The Legal 500

Chambers of William Clegg QC

LONDON, WC1R 4BU, ENGLAND
Tel:
Work 020 7440 8888
Fax:
Fax 020 7242 1738
DX:
LONDON CHANCERY LANE
Email:
Web:
www.2bedfordrow.co.uk

London Bar

Within Business and regulatory crime (including global investigations), 2 Bedford Row (William Clegg QC) is a second tier set,

2 Bedford Row is ‘a great set' that marks a significant increase in corporate crime matters. It is recognised for its ‘strength in depth', and benefits from allied strengths in fraud and general crime.

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Within Crime, 2 Bedford Row (William Clegg QC) is a first tier set,

With a ‘great deal of strength in depth', 2 Bedford Row is, for many, ‘easily the best criminal set in the country, where it is never a problem instructing quality counsel'. Members have acted on many of the most high-profile cases in the UK in recent years, including murder of private Lee Rigby, and the IRA prosecution regarding the Hyde Park bombing. Around 50% of chambers’ instructions are now privately funded.

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Within Fraud: crime (including money laundering and asset forfeiture), 2 Bedford Row (William Clegg QC) is a first tier set,

2 Bedford Row contains ‘an abundance of quality advocates who are in high demand'; ‘tenants are clearly carefully chosen for their practical insight and ability'. Members act in an advisory capacity to major international corporations as well as appearing in many of the major ongoing fraud disputes. In 2013, these included a £70m tax fraud and a $1bn counterfeit document fraud.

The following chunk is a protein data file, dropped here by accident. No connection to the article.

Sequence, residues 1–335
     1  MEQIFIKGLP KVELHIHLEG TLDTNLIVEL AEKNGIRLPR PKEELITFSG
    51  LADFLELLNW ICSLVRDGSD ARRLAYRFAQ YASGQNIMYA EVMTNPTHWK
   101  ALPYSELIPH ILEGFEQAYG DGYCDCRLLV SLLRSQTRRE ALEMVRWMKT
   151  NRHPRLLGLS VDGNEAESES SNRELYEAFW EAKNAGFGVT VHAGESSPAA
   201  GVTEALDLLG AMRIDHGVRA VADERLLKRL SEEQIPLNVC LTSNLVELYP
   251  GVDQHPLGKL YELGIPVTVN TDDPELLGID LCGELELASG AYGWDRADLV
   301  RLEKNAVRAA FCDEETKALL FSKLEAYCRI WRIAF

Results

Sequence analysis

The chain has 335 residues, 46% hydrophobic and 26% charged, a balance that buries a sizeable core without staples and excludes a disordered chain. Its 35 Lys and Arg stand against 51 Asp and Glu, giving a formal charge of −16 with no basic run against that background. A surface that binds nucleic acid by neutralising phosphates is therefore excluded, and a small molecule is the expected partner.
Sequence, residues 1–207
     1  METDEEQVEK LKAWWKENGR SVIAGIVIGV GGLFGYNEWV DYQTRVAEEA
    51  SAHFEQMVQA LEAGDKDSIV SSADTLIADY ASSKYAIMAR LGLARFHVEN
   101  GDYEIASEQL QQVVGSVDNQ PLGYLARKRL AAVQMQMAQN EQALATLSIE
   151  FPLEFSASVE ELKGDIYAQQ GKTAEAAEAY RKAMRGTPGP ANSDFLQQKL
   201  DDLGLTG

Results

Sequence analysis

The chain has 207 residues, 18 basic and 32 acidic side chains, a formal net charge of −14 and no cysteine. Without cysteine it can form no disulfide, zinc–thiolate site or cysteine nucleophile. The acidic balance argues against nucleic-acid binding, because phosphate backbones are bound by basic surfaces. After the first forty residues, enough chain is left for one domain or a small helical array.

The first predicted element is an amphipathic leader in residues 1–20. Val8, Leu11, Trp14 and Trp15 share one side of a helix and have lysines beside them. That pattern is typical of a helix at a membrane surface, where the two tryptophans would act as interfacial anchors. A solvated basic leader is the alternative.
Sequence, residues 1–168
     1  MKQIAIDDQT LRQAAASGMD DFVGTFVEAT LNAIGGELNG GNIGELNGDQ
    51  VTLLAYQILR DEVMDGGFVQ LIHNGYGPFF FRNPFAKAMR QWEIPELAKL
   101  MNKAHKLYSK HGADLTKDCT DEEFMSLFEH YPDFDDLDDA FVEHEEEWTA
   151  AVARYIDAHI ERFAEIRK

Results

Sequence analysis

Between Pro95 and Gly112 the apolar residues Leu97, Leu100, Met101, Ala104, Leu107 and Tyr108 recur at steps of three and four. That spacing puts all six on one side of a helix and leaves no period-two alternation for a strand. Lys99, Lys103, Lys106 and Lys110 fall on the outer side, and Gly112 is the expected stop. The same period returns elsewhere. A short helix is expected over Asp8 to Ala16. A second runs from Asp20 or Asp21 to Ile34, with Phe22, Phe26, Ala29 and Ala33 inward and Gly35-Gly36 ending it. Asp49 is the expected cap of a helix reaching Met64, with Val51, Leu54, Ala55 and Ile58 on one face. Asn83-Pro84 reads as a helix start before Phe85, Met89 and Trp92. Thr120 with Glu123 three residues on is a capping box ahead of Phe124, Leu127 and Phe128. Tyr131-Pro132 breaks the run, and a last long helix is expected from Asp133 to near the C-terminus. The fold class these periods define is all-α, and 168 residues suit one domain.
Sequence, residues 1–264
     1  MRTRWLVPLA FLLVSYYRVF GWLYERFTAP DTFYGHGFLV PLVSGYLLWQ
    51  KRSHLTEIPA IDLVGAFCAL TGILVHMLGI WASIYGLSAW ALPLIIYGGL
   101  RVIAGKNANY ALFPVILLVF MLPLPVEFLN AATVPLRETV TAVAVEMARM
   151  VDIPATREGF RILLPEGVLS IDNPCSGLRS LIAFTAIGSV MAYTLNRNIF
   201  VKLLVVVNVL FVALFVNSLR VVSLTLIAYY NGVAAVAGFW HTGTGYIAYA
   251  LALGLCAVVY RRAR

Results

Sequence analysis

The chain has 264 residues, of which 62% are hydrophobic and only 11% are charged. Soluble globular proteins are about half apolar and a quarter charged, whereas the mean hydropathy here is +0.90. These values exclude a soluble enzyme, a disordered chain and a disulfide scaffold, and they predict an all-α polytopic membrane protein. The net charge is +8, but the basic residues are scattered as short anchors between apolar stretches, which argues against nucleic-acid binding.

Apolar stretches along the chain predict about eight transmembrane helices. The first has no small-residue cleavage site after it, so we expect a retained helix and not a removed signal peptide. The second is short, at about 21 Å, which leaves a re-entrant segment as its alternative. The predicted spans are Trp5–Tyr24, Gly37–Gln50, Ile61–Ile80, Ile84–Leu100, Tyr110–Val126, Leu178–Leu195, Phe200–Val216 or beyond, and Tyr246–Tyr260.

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Within Health and safety, 2 Bedford Row (William Clegg QC) is a third tier set,

2 Bedford Row is ‘the best all-round criminal set in the country', where members successfully acted for Southwark Council in the inquest into the Lakanal House tower block fire. William Clegg QC continues to represent high-profile public and private sector bodies.

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Within Professional discipline and regulatory law (including police law), 2 Bedford Row (William Clegg QC) is a third tier set,

Praised for its ‘user-friendly and organised' approach, 2 Bedford Row‘has a wide range of solid regulatory performers at various levels of call at its disposal', and is best known for its work in the healthcare sector.

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Within Set overviews: England and Wales,

2 Bedford Row is ‘one of, if not the single, best criminal set in the country, with a significant number of very able silks and a very strong junior bench'. Aside from its enviable reputation in crime and fraud, it is well respected for regulatory, health and safety, and sports law. In addition, chambers is also praised for encouraging diversity and promoting counsel from a range of backgrounds. ‘The clerks are efficient and always prepared to be flexible in order to accommodate the client.' Senior Clerk John Grimmer ‘brings years of experience to the post and presides over a very reliable and efficient team that is always happy to help'. Clerks Paul Rodgers and Lee Bartlett are also recommended; Rodgers is ‘absolutely first class; he really understands the needs of his clients', and Bartlett is ‘friendly and quick to respond'. Offices in: London

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Within Sport, 2 Bedford Row (William Clegg QC) is a third tier set,

2 Bedford Row acts for the FA and RFU, and football clubs such as Chelsea FC and Newcastle FC. Jim Sturman QC advised Russian football club PFC CSKA Moscow on matters relating to a UEFA charge of racism.